White bread would also be made out of wheat, so whether he’s eating “whole wheat” bread or “white” bread, they’re both made out of wheat. But, as I said, there are gluten-free versiosn of bread (many, many kinds) and most other foods imaginable. One of the biggest transitions for you guys would probably be having to read ingredients labels on absolutely everything. I don’t eat anything without first checking both the ingredients and nutritional information.
To my knowledge, ice cream doesn’t usually contain gluten. Gluten is found in grains like wheat, barley, rye, and some others.
Yes, some flavors (and brands) do, usually obvious ones like with cookies or something (though Blue Bell at one point had wheat in their dutch chocolate - WHY?!).
I’ll advise you as I advised my family member when she was getting tested - try not to borrow trouble (worry) before you know for sure. There are a lot of things that can affect the gut, so until you know for sure it’s gluten-related, just try not to think about it. That being said, going gf IS hard at first, especially with the cross contamination considerations, but it’s doable, and you get used to it, and it becomes not so hard. @Jen is right that they have substitutes for just about everything nowadays. Honestly, I find being dairy free a whole lot harder than gluten free!
I think that’s what has kept me sane through all the medical issues that we’ve had with all our kids - I try not to stress things. The way I see it is…stressing isn’t going to fix anything at all and it may break a few extra things. So we just roll with whatever punches come our way.
Except for those obvious ones with cookies pieces in them.
We seem to also have a mild version of lactose intolerance (in addition but unrelated to Celiac) that appears to come and go over a period of months. Odd. But the lactase pill right before eating dairy seems to do the trick. Then it may disappear for six months where the lactase pill is not needed.
@Jen, In terms of Gluten, absolutely agree with you. Wheat, Rye, Barley. The hidden one is Malt that is in many foods you might not think of as gluten. In terms of soups, many soups use wheat as a thickener which again you might not think of as “gluten” type of soup. Candy gets tricky. Especially on Halloween where you might get individually wrapped items with no food label. Lots of looking on in the internet. And some of the candy changes from year to year.
There are a couple of other “food terms” that show up in ingredient lists that appear to be gluten at first glance but with some study prove to be actually non-gluten. For example Wheatgrass is gluten free (although that is debateable by some). Wheat starch is allowed in foods labeled gluten free.
The easy items are the ones which list “Wheat” an an allergen.
And the foods labeled “Gluten Free”.
Which actually accounts for a huge number of foods.
Then you get the ingredient lists which at the bottom state something about “shared equipment” or “in a facility that also processes wheat” or something similar. So you have to make your own decision about those sorts of foods.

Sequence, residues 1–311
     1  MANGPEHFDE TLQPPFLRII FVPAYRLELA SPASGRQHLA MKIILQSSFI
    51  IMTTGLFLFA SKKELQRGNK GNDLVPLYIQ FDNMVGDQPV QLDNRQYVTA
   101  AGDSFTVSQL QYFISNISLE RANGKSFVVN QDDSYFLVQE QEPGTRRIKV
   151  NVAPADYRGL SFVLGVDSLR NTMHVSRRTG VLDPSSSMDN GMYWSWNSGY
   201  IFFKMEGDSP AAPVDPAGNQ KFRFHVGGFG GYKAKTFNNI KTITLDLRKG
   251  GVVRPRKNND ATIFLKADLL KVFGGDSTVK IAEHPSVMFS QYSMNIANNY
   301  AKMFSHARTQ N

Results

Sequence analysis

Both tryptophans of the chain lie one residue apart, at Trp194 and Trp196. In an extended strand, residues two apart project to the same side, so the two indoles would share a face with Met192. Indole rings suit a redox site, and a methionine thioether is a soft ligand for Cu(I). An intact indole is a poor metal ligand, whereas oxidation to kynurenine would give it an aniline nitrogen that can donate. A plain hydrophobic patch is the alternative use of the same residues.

Edit: Oh - and I forgot about Oats. Our GI doc advised to avoid Oats unless specifically labeled Gluten Free. Not that Oats contain gluten from a plant point of view - as they do not. But apparently the way Oats are picked or transported or processed or something involves significant risk of cross contamination such that non Gluten Free oats are an unreasonable risk. On top of that, some people with Celiac are simply never able to eat Oats (even Gluten Free) without problems.
It might actually be related. Does it happen after she’s been glutened? Lactase enzymes are produced on the tips of your villi, which are what is damaged when glutened. I’m permanently lactose intolerant, it seems - can handle only the tiniest amounts in goat/sheep dairy without a pill - but if I’m glutened, I have to completely avoid any and all dairy for a couple weeks until my gut heals.
With a negative celiac panel it might be worth discussing with your doctor a comprehensive food allergy test referral. Gluten seems to get all the attention nowadays but there’s an awful lot of other things that can cause food allergies still too…
The problem is most (if not all?) true food allergies don’t cause lower GI symptoms - those are generally food intolerances, and the available testing for food intolerances is exceedingly unreliable, so the best way to find them is through an elimination diet - stripping your diet down and then slowly adding back in foods to look for a reaction. Doable, but not fun at all.
Most true food allergies are quite obvious (eat the food and break out in hives half an hour later sort of thing), but GI issues can be a symptom of food allergies. However, generally large panels of foods aren’t tested for, because even testing for “true” food allergies (IgE antibodies) is not reliable and is prone to lots of false positives and negatives. Usually, allergiests go on the basis of testing and a history of reacting before making a diagnosis. In know, at least for me, my allergist refuses to test for a “panel” of foods, but he will test for specific foods if I come in with some idea of what I think I might be reacting to (and my situation is more rare and complicated than most). Generally, a food allergy is caused by wheat rather than gluten (and there are other common ones, but any food can cause a food allergy). Keeping a food journal may not be a bad idea, because it may help narrow down if there’s a correlation between a particular food and symptoms.